The Artist’s Journey, #8
Continuing our serialization of The Artist’s Journey, we’re picking up from last week, where the subject had become “What exactly is an artist?” We were delineating in that post the qualities that an artist possesses in her or his work.
If you’re plugging into the series for the first time, click on the following links to access the first seven parts of the series: Part 1, Part 2, Part 3, Part 4, Part 5, Part 6, Part 7.
32. MY SUBJECT
The Legend of Bagger Vance
Gates of Fire
Tides of War
Last of the Amazons
The Virtues of War
The War of Art
The Afghan Campaign
The Warrior Ethos
The Lion’s Gate
An American Jew
Nobody Wants to Read Your Sh*t
36 Righteous Men
Even if you haven’t read any of these books, you can tell just from the titles that they possess a unified subject.
And yet …
My own artist’s journey, as I said, started twenty years before the first book on this page was written. Through those two decades, not a single book or screenplay I wrote was “on subject.”
Then, all of a sudden, the list above started.
A subject appeared.
From then on, every book was unerringly on-subject.
I have no idea how to explain it.
There was no plan. No decision. No moment of inflection.
It just happened.
33. AN ARTIST HAS A VOICE
The Deer Hunter
Kramer vs. Kramer
Out of Africa
The Bridges of Madison County
A Cry in the Dark
Postcards From The Edge
The Devil Wears Prada
The Iron Lady
Into the Woods
Ricki and the Flash
A Meryl Streep performance is as recognizably Streepian as a song by Jackson Browne is Browneian or a dance program by Twyla Tharp is Tharpian.
Did these artists get lucky? Were they born with voices? Or did they find and acquire them on their artists’ journeys?
34. AN ARTIST HAS A MEDIUM OF EXPRESSION
For Stephen King, it was fantasy/horror, which evolved over time into more ambitious and literary forms. For Bob Dylan, it was folk music, which likewise developed into higher and more innovative idioms.
A critical part of the artist’s journey is answering the question, “What is my medium of expression.
35. AN ARTIST HAS A POINT OF VIEW
When I first started working on movie sets, I used to marvel at how the director could answer so many questions from so many people so quickly and with such authority. “Where do you want the camera?” “What mark should the actress hit?” “How long till lunch?”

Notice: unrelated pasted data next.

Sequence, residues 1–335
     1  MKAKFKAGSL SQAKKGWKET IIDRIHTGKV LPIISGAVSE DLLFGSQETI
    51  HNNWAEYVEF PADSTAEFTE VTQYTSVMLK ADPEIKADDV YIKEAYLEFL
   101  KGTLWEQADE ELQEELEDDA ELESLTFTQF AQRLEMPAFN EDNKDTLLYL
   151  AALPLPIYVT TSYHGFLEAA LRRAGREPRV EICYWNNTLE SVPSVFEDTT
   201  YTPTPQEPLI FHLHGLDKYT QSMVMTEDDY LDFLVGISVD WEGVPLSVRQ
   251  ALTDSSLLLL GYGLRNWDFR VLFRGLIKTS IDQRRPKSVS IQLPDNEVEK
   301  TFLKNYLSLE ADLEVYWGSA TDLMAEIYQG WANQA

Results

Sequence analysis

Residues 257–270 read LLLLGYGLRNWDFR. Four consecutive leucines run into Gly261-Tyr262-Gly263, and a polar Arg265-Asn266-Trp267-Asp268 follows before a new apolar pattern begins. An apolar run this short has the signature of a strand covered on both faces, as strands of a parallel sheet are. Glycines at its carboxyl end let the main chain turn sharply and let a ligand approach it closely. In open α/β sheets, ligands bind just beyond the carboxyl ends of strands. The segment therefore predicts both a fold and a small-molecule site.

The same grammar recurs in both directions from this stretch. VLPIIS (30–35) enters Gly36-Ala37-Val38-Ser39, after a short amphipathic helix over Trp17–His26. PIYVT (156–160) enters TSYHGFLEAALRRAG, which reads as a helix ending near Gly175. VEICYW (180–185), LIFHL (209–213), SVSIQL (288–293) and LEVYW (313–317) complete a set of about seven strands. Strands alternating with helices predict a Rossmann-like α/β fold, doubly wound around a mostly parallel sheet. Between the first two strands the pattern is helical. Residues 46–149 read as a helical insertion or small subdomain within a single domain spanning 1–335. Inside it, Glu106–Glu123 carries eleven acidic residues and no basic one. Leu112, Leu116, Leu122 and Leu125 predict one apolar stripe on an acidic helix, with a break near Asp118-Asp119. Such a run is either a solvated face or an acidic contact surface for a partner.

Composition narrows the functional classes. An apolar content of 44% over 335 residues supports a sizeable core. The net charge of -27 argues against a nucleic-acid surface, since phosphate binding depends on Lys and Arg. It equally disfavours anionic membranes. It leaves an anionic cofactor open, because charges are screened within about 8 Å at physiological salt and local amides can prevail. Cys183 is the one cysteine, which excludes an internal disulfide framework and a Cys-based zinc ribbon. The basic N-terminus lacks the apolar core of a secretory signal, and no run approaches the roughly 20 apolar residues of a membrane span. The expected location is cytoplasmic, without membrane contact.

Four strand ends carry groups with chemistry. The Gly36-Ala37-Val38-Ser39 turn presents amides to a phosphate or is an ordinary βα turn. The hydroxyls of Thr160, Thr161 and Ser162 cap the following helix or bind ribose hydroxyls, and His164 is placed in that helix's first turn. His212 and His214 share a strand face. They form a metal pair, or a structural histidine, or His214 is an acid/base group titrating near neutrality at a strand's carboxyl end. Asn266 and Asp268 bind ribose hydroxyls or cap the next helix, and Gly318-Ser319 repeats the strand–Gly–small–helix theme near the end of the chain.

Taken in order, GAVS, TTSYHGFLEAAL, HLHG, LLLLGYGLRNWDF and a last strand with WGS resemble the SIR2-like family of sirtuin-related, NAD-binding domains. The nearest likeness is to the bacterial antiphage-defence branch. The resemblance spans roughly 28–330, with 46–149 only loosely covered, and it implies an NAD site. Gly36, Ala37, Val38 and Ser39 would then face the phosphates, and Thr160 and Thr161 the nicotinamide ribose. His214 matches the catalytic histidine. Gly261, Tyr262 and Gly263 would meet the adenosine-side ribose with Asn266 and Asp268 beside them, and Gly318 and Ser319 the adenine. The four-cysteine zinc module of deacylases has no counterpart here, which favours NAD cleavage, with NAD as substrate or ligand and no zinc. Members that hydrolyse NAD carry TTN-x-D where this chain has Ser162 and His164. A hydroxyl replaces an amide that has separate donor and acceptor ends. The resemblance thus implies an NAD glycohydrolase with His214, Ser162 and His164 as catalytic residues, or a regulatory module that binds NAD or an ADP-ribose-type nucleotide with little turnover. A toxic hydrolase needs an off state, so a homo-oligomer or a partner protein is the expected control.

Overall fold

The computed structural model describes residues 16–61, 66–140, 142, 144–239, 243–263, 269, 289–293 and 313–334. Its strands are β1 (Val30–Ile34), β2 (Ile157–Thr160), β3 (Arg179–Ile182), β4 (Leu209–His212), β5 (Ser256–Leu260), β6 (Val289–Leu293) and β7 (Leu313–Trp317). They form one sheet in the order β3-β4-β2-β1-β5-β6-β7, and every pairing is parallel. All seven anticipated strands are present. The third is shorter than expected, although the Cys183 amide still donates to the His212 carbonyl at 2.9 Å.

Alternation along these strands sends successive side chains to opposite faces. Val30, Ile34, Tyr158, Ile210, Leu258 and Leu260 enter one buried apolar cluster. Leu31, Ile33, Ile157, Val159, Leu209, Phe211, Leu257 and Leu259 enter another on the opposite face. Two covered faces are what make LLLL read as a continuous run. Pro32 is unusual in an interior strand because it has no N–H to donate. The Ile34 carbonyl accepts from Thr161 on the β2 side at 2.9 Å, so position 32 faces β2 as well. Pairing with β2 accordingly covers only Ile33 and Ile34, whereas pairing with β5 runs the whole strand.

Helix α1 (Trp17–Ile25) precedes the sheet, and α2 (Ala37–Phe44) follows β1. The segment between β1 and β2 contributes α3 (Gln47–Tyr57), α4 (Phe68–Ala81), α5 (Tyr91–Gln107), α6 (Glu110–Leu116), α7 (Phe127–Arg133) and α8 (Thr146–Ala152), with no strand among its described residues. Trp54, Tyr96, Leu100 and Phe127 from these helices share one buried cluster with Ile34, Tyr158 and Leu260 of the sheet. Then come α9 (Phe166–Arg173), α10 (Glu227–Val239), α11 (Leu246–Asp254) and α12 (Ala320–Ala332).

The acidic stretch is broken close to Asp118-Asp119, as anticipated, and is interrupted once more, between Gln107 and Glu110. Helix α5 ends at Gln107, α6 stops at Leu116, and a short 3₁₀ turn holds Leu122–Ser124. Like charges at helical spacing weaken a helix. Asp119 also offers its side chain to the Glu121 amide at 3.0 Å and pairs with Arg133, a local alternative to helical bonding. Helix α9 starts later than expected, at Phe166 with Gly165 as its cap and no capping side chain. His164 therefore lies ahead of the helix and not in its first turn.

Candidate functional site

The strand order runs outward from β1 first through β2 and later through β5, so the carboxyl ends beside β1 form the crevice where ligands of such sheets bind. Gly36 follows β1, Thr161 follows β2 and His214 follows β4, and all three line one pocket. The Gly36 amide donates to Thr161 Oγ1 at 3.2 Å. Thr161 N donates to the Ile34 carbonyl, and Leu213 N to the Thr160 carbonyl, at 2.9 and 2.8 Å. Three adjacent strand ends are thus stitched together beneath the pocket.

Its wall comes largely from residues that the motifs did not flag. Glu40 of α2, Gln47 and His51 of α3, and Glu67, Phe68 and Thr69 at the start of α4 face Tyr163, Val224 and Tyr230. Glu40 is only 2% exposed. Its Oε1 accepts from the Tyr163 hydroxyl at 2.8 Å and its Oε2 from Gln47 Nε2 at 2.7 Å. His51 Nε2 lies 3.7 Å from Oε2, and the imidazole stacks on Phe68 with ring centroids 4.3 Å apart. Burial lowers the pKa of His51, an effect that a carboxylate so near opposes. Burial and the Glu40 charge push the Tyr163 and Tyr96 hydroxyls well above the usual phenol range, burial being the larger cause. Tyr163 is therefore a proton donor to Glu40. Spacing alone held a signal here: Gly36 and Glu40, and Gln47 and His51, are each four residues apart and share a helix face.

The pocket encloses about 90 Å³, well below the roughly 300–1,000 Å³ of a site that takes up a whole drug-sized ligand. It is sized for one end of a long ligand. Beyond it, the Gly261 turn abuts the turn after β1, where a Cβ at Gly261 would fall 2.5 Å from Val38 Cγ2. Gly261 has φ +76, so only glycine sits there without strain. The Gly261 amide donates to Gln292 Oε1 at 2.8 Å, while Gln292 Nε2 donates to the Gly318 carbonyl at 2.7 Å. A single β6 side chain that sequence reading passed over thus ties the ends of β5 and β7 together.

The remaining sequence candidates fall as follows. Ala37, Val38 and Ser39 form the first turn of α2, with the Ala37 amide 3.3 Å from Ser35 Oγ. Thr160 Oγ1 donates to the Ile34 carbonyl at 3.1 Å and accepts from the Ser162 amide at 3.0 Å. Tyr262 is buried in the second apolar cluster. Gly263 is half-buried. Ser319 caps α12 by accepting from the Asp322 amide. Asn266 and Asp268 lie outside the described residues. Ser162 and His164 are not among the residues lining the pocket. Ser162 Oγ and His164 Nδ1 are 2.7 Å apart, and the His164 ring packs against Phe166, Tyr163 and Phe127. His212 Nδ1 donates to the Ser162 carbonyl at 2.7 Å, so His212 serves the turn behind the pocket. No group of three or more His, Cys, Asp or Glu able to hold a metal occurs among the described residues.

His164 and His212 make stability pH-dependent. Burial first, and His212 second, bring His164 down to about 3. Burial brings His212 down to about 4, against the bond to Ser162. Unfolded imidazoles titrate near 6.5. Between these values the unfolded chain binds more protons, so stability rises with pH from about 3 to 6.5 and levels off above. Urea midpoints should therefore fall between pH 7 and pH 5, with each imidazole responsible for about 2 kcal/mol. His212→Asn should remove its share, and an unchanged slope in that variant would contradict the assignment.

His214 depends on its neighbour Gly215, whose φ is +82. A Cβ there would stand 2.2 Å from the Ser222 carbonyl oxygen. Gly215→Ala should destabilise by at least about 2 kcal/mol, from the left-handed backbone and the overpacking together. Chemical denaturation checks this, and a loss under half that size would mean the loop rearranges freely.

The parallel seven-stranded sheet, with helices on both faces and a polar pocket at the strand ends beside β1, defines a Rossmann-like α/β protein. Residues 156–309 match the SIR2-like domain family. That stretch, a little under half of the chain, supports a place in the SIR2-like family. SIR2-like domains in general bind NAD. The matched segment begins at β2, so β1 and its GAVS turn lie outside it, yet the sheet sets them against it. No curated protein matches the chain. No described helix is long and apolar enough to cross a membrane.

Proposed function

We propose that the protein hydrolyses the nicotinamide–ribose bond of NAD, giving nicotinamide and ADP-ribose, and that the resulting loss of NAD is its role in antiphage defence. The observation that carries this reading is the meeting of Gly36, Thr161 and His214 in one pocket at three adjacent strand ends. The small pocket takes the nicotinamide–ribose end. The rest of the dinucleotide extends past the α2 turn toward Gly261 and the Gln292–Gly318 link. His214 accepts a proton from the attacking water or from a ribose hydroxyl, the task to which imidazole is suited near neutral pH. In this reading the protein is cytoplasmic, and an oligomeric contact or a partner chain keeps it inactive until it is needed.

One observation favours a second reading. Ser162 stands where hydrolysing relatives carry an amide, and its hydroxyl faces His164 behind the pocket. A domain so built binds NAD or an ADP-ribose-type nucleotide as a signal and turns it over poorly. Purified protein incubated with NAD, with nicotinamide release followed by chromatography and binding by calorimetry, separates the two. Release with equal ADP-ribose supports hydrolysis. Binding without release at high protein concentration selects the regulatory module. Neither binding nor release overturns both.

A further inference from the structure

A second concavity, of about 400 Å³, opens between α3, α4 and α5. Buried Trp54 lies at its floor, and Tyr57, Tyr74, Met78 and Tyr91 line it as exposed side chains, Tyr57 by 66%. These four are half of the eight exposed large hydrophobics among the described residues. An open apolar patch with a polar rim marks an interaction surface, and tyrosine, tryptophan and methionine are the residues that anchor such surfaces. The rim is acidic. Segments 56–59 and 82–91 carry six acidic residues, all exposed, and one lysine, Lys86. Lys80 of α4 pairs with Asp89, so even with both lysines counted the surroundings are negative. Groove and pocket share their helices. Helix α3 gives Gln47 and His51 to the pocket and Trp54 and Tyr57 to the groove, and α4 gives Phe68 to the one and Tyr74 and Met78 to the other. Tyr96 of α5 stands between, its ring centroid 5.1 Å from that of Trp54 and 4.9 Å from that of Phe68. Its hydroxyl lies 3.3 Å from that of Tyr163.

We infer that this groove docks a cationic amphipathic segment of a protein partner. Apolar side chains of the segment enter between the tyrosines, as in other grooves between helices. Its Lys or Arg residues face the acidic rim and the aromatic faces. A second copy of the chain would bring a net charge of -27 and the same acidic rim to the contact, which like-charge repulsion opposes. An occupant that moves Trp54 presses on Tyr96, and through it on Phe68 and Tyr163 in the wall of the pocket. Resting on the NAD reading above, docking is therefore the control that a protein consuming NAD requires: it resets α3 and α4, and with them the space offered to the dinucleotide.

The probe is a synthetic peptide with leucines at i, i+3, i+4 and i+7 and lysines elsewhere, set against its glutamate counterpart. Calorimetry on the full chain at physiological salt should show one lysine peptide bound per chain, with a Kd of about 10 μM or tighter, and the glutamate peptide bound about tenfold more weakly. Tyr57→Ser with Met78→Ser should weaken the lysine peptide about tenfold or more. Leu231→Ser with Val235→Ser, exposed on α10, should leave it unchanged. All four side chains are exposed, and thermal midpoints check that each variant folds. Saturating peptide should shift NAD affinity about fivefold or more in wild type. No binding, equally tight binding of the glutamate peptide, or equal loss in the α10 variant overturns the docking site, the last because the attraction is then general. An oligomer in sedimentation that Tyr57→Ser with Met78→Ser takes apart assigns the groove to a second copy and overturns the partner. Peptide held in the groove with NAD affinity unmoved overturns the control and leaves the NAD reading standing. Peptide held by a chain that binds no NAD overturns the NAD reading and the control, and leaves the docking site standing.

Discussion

How did the director do it? How did he always know?
One day I asked.
“Because,” the director answered, “I have a point of view.”
In other words, the director knew what movie he was making.
He knew what it was about (subject.)
He knew what he wanted it to look and sound like (voice, medium of expression, and style).
36. PICASSO HAD A POINT OF VIEW
When Georges Braque and the early Cubists first painted portraits that had two eyes on one side of a woman’s face, critics were outraged. Art lovers were appalled. Intellectuals were brawling with each other in bistros in Montmarte and Saint-Germain-des-Pres.
But Braque knew. Picasso knew. Leger knew.
They had a point of view.
The Cubists could draw a representational face. But that wasn’t what they wanted. That wasn’t their point of view.
Caesar had a point of view.
Gandhi had a point of view.
Donald Trump has a point of view.
The artist can answer any question (including those posed by herself) when she has a point of view.
37. AN ARTIST HAS A STYLE
Picasso didn’t paint those crazy Cubist faces because it was the only way he knew how to draw. Nor did Hemingway employ short words because he couldn’t spell antidisestablishmentarianism.
Style is inseparable from voice. It evolves out of subject and point of view and blends seamlessly with medium of expression.
The artist on her journey may try out a number of styles before finding her own.
Each one of these—subject, voice, point of view, medium of expression, and style—is an aspect of the single question, “What is my gift?” which is itself another way of asking, “Who am I?”